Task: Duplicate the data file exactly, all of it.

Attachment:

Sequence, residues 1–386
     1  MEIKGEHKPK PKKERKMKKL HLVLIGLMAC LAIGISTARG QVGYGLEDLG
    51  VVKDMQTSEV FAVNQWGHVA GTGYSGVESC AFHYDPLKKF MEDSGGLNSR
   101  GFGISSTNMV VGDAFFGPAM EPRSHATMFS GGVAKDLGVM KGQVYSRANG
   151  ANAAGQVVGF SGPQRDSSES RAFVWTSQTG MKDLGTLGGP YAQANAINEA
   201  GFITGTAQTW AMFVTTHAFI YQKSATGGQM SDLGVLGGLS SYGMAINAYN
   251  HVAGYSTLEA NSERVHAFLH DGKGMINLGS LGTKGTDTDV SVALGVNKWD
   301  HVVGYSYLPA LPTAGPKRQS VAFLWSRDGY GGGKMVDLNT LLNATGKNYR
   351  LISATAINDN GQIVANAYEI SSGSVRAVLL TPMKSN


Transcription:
Sequence, residues 1–386
     1  MEIKGEHKPK PKKERKMKKL HLVLIGLMAC LAIGISTARG QVGYGLEDLG
    51  VVKDMQTSEV FAVNQWGHVA GTGYSGVESC AFHYDPLKKF MEDSGGLNSR
   101  GFGISSTNMV VGDAFFGPAM EPRSHATMFS GGVAKDLGVM KGQVYSRANG
   151  ANAAGQVVGF SGPQRDSSES RAFVWTSQTG MKDLGTLGGP YAQANAINEA
   201  GFITGTAQTW AMFVTTHAFI YQKSATGGQM SDLGVLGGLS SYGMAINAYN
   251  HVAGYSTLEA NSERVHAFLH DGKGMINLGS LGTKGTDTDV SVALGVNKWD
   301  HVVGYSYLPA LPTAGPKRQS VAFLWSRDGY GGGKMVDLNT LLNATGKNYR
   351  LISATAINDN GQIVANAYEI SSGSVRAVLL TPMKSN